The initial Canadian press coverage on the conclusion of the Trans Pacific Partnership negotiations has unsurprisingly focused on the dairy sector, with word that the government plans to effectively create a milk tax by transferring billions of dollars to dairy farmers without any evidence of loss. Lost in the coverage are the copyright and privacy implications of the deal. From a copyright perspective, it is notable that the Canadian government has sought to downplay the TPP, releasing a summary that suggests that it is consistent with current law. The government’s description of the copyright provisions in the TPP state:
• Provides protection and enforcement of copyrights and related rights, reflecting or building upon the World Intellectual Property Organization Internet Treaties. Canada ratified the Internet Treaties in 2014.
• Reflects key aspects of Canada’s regime, including:
◦ Canada’s Notice-and-Notice regime regarding Internet service providers’ role in addressing online copyright infringement;
◦ protection and enforcement to prevent the circumvention of technological protection measures and the removal of rights management information; and
◦ Canada’s copyright exceptions and limitations framework.
Moreover, officials told the Wire Report, claiming “what we were able to conclude in the TPP is fully consistent with Canadian law and policy, and included in that is Canada’s position or Canada’s regime pursuant to the recently-adopted Copyright Modernization Act.”
Yet based on the summaries from other countries, this does not appear to be accurate. For example, here is what the New Zealand government says is required as part of the TPP:
TPP harmonises intellectual property rules across the 12 countries which has required compromise from all parties. New Zealand currently has a 50-year copyright period. However, half the TPP countries, and almost all OECD countries, have a 70-year period for copyright works. TPP requires New Zealand to move to 70 years as well, but allows for a transition to do this over time. This change could benefit New Zealand artists in some cases, but the benefits are likely to be modest. Extending the copyright period also means New Zealand consumers and businesses will forego savings they otherwise would have made from books, music and films coming off copyright earlier. The net cost of extending New Zealand’s copyright term from 50 to 70 years will be small to begin with and increases gradually over 20 years, reaching a relatively constant level after that. Over the very long term, including the initial 20- year period, the average annual cost is estimated to be around $55 million.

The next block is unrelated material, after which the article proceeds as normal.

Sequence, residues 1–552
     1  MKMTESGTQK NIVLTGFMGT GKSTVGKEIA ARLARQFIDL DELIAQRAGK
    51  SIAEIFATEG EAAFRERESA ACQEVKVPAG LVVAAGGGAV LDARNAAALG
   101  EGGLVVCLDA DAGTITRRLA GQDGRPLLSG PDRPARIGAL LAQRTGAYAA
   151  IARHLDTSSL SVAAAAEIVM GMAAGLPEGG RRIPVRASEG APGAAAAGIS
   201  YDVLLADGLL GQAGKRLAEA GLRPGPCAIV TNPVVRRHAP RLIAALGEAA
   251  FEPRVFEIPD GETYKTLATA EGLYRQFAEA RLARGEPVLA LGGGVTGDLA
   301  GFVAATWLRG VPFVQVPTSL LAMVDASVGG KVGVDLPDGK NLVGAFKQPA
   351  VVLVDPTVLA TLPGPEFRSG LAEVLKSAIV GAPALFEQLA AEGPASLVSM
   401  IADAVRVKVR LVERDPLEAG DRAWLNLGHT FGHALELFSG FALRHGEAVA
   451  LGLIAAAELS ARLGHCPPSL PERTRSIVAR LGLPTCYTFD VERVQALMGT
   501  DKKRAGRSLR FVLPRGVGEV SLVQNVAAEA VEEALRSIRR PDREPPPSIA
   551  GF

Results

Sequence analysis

Canada also currently has a copyright term of life plus 50 years (as does Japan, Malaysia, and Vietnam among other TPP countries). With the required extension in the term, Canada will be similarly required to extend the term of copyright. This is not a small change as the term extension will keep works out of the public domain in Canada for decades. Interestingly, Canada has not conducted similar economic analysis of the cost of the term extension, but if New Zealand’s estimate is accurate, the cost to the public will easily exceed $100 million per year for a country with a population that is nine times larger.
The inaccuracies may not be limited to copyright term. The TPP summary supplied by the United States emphasizes strong enforcement, including criminal penalties. Canada does not have criminal penalties for violations of rights management information. Does the TPP require changes to those rules? Does it require additional changes to content blocking as part of the Canadian Internet provider rules? Both provisions appeared in earlier leaked versions of the text.
Canadian copyright reform has been a highly charged, contentious issue in the past. The prospect of mandated changes through the TPP raises real concerns that Canadian government documents do little to assuage. Before rendering a verdict on whether the TPP is likely to be a good or bad deal, Canadians will need access to the text, not summary documents that may omit crucial details on what is actually in the agreement.